John Monfasani

Professor

Ph.D., Columbia University
Paleography and Archivist Certificate,
Scuola Vaticana di Paleografia e Diplomatica, 1971
M.A., Columbia University
B.A., Fordham University

060G Social Science
Phone: (518) 442-5360
Fax: (518) 442-5301
jmonfasani@albany.edu

Teaching:

Undergraduate Courses:
HIS 130: European Civilization
HIS 235: Early and Medieval Christianity
HIS 338: Renaissance Italy
HIS 339: Sixteenth-Century Europe
HIS 463: Byzantine History

Graduate Courses:
HIS 563: Byzantine History
HIS 611: Readings in Renaissance Intellectual History
HIS 611: Readings in Nineteenth-Century Intellectual History
HIS 611: Readings in the History of Christiantiy from Christ to the Seventeenth Century
HIS 620: Seminar in Renaissance Intellectual History
HIS 620: Seminar in European Intellectual History to the Nineteenth Century
HIS 620: Seminar on Central European Emigrés to America between the two World Wars

Current Research Interests:

My broad interest in European intellectual history, with a special interest in Renaissance intellectual and religious history. My graduate courses cover the Renaissance humanism, the Scientific Revolution of the Seventeenth Century, Early Modern Philosophy, and Reformation theology. Because I teach these subjects on the undergraduate level, I would also take a student interested in independent study in Byzantine history, the history of early and medieval Christianity, and Early Modern Political and Social history. As a scholar, I have published mainly on Greek and Latin humanists in fifteenth-century Italy.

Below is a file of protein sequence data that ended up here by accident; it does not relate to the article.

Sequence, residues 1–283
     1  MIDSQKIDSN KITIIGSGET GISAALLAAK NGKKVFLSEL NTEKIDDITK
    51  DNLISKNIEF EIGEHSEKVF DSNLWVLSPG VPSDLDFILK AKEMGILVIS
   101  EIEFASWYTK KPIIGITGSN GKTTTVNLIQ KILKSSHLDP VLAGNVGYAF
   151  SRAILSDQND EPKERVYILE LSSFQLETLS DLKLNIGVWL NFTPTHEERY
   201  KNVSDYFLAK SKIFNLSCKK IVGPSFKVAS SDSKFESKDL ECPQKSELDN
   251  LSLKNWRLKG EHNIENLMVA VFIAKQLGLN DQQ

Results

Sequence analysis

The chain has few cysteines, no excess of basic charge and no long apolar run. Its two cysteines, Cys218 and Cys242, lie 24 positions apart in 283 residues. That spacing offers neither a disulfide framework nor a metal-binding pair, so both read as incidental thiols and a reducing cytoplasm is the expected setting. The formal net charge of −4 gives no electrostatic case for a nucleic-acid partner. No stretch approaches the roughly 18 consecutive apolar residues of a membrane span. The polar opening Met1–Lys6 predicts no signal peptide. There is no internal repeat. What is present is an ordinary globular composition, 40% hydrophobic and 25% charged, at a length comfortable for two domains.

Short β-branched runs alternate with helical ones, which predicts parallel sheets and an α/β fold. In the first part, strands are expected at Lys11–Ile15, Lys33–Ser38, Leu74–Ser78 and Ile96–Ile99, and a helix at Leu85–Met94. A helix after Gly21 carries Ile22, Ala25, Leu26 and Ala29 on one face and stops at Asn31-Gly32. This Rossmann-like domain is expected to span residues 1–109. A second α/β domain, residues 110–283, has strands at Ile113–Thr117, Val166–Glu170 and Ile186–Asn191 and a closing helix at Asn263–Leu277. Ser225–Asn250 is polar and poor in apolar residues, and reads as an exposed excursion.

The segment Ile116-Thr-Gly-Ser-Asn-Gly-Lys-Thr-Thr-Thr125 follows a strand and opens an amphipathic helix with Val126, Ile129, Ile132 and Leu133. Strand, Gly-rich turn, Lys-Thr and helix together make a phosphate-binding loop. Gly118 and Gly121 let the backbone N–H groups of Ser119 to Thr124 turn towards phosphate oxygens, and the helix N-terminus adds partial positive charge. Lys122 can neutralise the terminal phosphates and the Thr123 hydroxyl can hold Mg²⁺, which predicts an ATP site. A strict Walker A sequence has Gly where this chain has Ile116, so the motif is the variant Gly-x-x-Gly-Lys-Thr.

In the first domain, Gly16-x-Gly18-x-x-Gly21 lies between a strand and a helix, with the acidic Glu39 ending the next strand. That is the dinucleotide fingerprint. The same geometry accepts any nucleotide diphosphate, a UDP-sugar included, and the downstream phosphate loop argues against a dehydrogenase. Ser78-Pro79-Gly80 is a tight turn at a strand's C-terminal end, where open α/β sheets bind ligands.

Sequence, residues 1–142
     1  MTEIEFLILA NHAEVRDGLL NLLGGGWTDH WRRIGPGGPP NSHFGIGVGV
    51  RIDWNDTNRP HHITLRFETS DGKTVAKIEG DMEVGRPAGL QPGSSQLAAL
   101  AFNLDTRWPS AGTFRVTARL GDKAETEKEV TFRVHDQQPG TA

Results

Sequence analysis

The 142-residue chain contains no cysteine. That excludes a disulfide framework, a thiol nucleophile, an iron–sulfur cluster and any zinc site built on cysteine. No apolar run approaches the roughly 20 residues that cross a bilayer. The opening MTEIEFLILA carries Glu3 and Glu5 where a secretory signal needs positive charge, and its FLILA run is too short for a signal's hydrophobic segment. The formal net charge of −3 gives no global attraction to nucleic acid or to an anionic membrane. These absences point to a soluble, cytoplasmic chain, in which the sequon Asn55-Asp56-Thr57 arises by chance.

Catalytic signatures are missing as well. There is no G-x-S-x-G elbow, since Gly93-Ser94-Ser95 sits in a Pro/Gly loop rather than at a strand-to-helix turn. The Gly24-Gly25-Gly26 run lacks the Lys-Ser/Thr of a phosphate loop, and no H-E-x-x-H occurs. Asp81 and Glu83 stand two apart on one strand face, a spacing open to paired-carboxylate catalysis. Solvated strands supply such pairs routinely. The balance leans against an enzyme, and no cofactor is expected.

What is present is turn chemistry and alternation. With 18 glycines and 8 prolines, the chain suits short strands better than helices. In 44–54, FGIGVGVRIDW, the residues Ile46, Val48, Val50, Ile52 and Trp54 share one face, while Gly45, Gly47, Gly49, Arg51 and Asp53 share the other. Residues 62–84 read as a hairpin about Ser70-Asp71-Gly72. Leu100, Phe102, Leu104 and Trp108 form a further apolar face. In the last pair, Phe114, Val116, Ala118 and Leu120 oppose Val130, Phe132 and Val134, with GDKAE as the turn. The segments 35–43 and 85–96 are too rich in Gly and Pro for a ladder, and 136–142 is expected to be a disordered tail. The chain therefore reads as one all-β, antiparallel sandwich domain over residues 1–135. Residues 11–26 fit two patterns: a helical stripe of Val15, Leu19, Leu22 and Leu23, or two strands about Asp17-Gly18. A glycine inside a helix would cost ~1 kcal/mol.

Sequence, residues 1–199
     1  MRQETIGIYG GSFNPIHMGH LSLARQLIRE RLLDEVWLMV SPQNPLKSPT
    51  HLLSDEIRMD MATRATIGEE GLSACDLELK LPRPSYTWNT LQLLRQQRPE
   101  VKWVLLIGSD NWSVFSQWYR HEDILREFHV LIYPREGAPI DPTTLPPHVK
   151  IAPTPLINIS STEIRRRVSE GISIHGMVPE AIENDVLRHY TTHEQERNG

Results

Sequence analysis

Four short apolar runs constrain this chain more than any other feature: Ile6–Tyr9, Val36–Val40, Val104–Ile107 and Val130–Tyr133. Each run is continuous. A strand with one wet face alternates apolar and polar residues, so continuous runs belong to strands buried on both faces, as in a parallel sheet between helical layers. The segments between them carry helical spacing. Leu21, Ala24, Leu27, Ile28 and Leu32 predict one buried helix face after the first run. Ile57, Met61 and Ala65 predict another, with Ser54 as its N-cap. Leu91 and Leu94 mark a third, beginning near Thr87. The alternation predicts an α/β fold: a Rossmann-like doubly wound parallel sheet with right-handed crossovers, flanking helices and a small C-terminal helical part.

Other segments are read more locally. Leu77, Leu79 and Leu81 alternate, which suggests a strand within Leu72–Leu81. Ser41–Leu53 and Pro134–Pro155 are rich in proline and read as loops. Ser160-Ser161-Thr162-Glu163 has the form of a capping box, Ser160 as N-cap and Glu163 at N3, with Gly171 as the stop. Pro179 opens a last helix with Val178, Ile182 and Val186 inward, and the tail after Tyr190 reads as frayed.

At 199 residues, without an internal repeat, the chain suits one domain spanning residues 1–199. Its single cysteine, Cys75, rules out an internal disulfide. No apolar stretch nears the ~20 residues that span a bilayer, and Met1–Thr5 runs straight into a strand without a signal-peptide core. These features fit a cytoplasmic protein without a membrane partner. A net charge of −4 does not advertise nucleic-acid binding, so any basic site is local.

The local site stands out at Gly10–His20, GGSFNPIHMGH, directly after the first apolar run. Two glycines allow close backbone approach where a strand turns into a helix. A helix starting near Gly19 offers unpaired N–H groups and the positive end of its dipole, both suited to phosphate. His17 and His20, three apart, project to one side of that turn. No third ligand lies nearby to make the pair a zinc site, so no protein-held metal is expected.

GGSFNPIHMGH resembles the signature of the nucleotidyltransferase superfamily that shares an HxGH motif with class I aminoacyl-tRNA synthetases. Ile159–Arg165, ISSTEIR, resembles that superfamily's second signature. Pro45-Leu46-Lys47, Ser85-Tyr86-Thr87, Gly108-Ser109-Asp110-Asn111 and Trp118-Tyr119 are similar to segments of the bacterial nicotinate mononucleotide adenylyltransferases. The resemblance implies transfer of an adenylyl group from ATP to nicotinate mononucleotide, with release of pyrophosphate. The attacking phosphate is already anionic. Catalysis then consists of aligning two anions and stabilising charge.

Recent Publications:

George Amiroutzes the Philosopher and His Tractates (Leuven: Peeters, 2011)

“Cardinal Bessarion’s Greek and Latin Sources in the Plato-Aristotle Controversy of the 15th Century and Nicholas of Cusa’s Relation to the Controversy,” in Andreas Speer and Philipp Steinkrüger, eds., Knotenpunkt Byzanz : Wissensformen und kulturelle Wechselbeziehungen (Berlin-Boston: De Gruyter, 2012), pp. 485-511.

“The Greeks and Humanism,” in David Rundle, ed., Humanism in Fifteenth-Century Europe (Oxford: The Society for the Study of Medieval Languages and Literature, 2012), pp. 31-78.

“Erasmus and the Philosophers,” Erasmus of Rotterdam Society Yearbook, 32 (2012):47-68.

“George Gemistus Pletho and the West: Greek Émigrés, Latin Scholasticism, and Renaissance Humanism,” in Marina S. Brownlee and Dimitri Gondicas, eds., Renaissance Encounters: Greek East and Latin West (Princeton: Princeton UP, 2012), pp. 19-34.
         
“A Note on George Amiroutzes (c. 1400-c.1469) and His Moral Argument against the Transmigration of Souls,” Bulletin de philosophie médiévale, 54 (2012):125-35

Bessarion Scholasticus, Fondazione Giorgio Cini, Venice, 2009

Links to:

Full Curriculum Vitae